# Flow rate estimation for RAS

## Control the build-up of ammonia-nitrogen, nitrite-nitrogen

The production of aquacultured species in land-based systems using tanks and recirculating aquaculture system (RAS) technology is expanding globally. This trend is driven by the need for intensified production while using less water, combined with the requirement to reduce the volume and strength of system effluent.

One important element of the unit processes involved in RAS technology is estimating the flow rate requirements for the water recirculated from the culture tanks to the biofilter. Using mass balance analysis, an estimate of the flow requirements can be made in order to control the build-up of ammonia-nitrogen and nitrite-nitrogen in the system.

## Operating parameters

The water quality in a recirculating system is generally a function of the tank size, the biomass in the tank, the rate of feed input, and the waste removal and treatment efficiency of the system. The first operating parameters that need to be determined are the tank volume and maximum allowable stocking density.

Stocking density is determined by the species being cultured and its life stage. As an example, assume fish are in the growout stage of life and will reach market size at an average 680-g weight in a 50-cubic-meter culture tank. For the species in question, the maximum culture density is assumed to be 80 kg fish per cubic meter of tank volume. Hence, the maximum cultured biomass in this tank would be 80 kg/cubic meter x 50 m3 = 4,000 kg or 4 metric tons.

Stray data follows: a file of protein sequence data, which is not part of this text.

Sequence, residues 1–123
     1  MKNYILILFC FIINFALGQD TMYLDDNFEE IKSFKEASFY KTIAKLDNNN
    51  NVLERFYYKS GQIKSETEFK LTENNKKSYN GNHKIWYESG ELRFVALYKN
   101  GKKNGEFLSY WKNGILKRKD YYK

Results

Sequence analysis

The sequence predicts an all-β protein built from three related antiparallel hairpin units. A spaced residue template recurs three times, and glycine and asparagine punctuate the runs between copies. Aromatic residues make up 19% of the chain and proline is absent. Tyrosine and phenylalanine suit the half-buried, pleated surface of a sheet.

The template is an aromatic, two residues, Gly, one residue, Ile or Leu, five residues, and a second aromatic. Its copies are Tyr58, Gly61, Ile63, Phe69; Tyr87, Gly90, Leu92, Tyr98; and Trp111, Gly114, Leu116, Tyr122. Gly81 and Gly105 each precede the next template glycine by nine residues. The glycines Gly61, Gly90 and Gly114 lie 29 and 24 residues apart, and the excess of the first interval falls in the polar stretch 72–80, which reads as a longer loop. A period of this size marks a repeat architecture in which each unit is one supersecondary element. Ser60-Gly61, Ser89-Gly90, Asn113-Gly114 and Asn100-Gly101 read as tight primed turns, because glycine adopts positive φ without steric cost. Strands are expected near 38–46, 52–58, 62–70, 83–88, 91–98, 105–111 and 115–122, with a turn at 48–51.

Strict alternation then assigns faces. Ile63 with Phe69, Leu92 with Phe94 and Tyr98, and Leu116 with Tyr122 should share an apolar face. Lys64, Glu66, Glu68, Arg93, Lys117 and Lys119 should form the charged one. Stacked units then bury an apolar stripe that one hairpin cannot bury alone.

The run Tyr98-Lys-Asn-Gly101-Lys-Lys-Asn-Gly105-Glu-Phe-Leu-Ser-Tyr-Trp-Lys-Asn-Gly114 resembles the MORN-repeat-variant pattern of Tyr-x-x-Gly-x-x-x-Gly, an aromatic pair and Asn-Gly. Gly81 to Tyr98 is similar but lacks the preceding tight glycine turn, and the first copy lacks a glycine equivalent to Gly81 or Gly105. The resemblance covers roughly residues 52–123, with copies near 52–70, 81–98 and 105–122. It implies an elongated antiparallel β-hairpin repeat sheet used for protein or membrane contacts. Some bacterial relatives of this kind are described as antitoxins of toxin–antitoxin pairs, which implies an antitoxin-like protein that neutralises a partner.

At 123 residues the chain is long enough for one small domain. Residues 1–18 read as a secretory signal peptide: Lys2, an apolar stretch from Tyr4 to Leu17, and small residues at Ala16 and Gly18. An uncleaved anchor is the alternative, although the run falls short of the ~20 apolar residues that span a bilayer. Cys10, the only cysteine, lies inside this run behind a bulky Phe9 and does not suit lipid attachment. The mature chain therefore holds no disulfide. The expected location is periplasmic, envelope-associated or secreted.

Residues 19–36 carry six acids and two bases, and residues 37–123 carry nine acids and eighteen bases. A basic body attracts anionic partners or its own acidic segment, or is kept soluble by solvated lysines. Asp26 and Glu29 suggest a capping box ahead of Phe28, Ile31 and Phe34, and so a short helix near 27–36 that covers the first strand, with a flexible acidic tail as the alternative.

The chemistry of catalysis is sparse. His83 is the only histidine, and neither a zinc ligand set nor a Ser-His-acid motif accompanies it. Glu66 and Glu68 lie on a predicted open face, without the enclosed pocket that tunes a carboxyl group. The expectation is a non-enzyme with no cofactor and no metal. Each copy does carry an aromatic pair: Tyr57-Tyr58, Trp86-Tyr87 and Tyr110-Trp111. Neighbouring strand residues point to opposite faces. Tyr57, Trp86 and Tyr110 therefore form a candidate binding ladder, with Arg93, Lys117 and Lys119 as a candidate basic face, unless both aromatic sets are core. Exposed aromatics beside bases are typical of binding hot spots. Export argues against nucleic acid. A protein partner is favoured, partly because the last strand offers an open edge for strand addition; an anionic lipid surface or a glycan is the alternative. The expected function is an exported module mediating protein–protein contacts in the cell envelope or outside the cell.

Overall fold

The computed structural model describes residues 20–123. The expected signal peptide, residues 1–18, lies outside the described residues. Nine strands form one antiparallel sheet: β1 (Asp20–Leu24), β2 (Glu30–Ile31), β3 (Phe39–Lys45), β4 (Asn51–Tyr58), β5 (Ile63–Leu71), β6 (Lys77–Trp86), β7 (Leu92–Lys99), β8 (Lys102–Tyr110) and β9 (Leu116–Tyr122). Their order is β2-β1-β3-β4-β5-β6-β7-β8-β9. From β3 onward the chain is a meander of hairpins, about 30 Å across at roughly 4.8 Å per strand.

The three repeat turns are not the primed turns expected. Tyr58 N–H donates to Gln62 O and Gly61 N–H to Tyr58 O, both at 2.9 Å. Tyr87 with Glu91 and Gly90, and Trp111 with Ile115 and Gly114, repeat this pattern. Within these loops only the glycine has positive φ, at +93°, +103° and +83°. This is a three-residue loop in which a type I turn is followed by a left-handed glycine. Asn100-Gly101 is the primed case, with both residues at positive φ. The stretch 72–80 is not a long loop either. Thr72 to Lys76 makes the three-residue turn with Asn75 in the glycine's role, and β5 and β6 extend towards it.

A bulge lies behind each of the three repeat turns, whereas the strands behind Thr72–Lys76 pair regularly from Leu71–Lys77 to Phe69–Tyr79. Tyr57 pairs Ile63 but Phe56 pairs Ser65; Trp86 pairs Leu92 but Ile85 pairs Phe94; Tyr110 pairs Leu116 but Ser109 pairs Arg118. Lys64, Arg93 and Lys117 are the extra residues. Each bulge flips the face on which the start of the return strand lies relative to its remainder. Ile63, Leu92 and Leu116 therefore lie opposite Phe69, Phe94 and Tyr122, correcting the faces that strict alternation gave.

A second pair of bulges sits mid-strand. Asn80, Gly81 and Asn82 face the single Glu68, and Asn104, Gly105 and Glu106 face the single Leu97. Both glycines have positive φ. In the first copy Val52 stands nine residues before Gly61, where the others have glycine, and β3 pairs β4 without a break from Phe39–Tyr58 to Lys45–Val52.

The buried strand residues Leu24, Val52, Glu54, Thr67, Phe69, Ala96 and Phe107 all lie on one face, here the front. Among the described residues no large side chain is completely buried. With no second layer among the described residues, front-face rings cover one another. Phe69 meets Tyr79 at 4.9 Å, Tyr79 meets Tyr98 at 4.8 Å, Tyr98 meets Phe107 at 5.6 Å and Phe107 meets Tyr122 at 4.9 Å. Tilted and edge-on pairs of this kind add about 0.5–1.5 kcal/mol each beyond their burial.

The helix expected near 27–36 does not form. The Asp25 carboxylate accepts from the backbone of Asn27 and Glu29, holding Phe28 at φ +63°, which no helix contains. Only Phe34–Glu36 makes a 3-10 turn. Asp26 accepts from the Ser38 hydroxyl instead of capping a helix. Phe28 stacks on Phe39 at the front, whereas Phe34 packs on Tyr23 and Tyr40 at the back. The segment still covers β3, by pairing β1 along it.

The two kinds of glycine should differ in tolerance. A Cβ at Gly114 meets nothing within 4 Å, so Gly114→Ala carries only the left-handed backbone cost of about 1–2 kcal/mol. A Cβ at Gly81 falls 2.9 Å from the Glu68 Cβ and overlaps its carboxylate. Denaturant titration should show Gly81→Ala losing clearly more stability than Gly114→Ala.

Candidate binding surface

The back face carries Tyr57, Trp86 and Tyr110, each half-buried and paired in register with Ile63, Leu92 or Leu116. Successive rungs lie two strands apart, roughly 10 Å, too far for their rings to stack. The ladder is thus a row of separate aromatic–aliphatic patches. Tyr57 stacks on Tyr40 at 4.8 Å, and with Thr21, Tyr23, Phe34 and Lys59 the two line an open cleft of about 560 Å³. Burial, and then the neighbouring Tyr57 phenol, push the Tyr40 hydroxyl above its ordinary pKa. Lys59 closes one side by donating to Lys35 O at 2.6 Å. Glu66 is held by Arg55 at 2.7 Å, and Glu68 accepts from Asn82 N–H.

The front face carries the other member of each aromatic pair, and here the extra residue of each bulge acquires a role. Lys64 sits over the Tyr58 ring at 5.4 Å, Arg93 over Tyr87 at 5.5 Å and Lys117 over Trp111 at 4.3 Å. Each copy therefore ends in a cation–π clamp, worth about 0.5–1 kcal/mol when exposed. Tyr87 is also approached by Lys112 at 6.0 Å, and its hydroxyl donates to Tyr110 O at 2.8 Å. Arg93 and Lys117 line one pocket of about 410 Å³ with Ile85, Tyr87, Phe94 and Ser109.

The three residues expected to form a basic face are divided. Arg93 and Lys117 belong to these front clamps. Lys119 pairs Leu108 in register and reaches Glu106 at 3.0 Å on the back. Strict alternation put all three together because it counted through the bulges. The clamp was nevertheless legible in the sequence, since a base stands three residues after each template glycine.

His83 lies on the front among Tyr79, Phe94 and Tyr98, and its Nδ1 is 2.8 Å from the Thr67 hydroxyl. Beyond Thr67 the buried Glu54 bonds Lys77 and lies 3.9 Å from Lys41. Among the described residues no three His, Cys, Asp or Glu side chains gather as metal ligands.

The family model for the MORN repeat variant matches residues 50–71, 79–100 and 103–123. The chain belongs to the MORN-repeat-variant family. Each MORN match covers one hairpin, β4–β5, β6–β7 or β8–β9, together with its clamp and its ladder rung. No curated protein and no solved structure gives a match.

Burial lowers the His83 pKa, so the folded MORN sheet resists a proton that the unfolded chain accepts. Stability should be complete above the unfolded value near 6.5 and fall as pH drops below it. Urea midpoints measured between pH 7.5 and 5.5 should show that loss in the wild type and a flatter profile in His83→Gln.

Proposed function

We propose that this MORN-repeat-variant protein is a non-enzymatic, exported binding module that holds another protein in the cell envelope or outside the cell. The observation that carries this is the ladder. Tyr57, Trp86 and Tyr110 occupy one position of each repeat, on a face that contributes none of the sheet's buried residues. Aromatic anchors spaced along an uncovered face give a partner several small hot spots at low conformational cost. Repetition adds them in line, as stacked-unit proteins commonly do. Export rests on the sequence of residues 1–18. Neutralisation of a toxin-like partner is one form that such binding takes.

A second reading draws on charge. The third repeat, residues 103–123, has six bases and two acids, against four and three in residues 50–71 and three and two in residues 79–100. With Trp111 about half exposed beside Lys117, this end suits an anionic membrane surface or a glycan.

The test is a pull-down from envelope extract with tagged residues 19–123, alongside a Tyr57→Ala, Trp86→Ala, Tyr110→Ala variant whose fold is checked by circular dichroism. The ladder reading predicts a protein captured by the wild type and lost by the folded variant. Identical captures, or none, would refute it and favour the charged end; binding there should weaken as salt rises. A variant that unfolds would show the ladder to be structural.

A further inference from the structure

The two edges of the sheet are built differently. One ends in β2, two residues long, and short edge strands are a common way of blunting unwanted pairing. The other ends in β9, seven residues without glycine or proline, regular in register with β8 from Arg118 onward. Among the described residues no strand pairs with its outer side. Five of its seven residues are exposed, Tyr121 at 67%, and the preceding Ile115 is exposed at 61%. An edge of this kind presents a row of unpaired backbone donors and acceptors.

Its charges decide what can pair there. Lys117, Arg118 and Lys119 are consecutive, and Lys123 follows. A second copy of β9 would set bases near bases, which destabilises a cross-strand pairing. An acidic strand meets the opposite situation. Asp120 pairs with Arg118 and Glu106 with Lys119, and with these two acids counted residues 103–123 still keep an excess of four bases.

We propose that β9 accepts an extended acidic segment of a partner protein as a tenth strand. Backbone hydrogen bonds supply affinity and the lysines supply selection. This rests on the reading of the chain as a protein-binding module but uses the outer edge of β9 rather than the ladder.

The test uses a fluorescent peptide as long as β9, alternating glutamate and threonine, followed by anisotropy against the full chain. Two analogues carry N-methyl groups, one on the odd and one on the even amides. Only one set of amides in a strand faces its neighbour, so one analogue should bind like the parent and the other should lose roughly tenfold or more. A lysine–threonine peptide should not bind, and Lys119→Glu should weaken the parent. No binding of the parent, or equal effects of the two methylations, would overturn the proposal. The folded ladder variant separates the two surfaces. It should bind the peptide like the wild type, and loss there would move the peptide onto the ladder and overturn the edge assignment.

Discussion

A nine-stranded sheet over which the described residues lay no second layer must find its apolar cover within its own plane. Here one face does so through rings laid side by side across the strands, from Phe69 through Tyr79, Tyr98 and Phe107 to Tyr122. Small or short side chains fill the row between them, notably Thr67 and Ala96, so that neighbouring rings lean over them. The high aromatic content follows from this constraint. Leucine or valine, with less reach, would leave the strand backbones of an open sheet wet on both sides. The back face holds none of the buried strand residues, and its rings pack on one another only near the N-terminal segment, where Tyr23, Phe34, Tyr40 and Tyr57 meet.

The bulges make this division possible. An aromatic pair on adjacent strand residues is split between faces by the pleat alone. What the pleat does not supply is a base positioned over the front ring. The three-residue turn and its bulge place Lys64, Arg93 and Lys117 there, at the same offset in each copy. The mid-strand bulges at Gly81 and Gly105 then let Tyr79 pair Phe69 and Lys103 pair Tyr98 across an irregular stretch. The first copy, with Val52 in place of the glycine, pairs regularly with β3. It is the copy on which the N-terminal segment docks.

Assume the daily feed rate at this maximum density is 1.5 percent of the fish body weight. In this example, the maximum daily feed rate will come near the end of the production cycle and peak at 4,000 kg fish x 1.5 percent of biomass/day = 60 kg feed. Assume for this example that the protein content of the feed is 40 percent.

## Ammonia-nitrogen production, conversion

Ammonia-nitrogen is excreted from the gills of fish as they assimilate feed and is also produced when bacteria decompose organic waste solids within the tanks and other components of the RAS. The amount of ammonia produced in an RAS is directly related to the rate of feed additions to the system, the protein content of the feed and an estimate of the nitrogen being wasted, which is related to the culture species and system design.

In general, estimate that 50 percent of the nitrogen added to the system via feed is not utilized by the fish and is a source of total ammonia-nitrogen (TAN). Given that 16 percent of protein is nitrogen and there are 1.2 g TAN/g nitrogen, the production of TAN in the example production system can be estimated as:

This formula estimates that roughly 4 percent of the feed becomes TAN within the RAS. In general, with feed protein content varying from 30 to 55 percent, this equation estimates TAN production rates as 3 to 5 percent of the weight of the feed, a reasonable estimate that is often cited.

The next step is to estimate the amount of TAN lost from the system in effluent. First estimate the volume of daily effluent from the system in liters and the TAN concentration desired in the culture tank. In this example, assume the TAN in the effluent is the same as in the tank, which is not always the case. The amount of TAN lost in the effluent can be estimated as: